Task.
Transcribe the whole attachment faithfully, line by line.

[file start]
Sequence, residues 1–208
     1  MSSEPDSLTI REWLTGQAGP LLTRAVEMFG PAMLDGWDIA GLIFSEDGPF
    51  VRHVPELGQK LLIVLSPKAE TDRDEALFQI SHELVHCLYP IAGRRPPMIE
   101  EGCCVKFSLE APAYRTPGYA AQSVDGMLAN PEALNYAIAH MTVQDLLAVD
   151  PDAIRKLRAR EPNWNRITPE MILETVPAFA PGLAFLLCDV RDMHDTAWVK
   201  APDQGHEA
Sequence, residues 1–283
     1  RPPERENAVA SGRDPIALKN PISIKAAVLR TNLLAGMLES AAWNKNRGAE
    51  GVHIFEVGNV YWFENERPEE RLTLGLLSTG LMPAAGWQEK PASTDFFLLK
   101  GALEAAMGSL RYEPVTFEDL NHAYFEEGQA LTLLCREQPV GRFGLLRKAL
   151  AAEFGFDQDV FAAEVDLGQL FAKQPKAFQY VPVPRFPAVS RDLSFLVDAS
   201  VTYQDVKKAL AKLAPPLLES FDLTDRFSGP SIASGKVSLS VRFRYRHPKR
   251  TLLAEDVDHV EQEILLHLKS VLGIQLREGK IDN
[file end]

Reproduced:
Sequence, residues 1–208
     1  MSSEPDSLTI REWLTGQAGP LLTRAVEMFG PAMLDGWDIA GLIFSEDGPF
    51  VRHVPELGQK LLIVLSPKAE TDRDEALFQI SHELVHCLYP IAGRRPPMIE
   101  EGCCVKFSLE APAYRTPGYA AQSVDGMLAN PEALNYAIAH MTVQDLLAVD
   151  PDAIRKLRAR EPNWNRITPE MILETVPAFA PGLAFLLCDV RDMHDTAWVK
   201  APDQGHEA
Sequence, residues 1–283
     1  RPPERENAVA SGRDPIALKN PISIKAAVLR TNLLAGMLES AAWNKNRGAE
    51  GVHIFEVGNV YWFENERPEE RLTLGLLSTG LMPAAGWQEK PASTDFFLLK
   101  GALEAAMGSL RYEPVTFEDL NHAYFEEGQA LTLLCREQPV GRFGLLRKAL
   151  AAEFGFDQDV FAAEVDLGQL FAKQPKAFQY VPVPRFPAVS RDLSFLVDAS
   201  VTYQDVKKAL AKLAPPLLES FDLTDRFSGP SIASGKVSLS VRFRYRHPKR
   251  TLLAEDVDHV EQEILLHLKS VLGIQLREGK IDN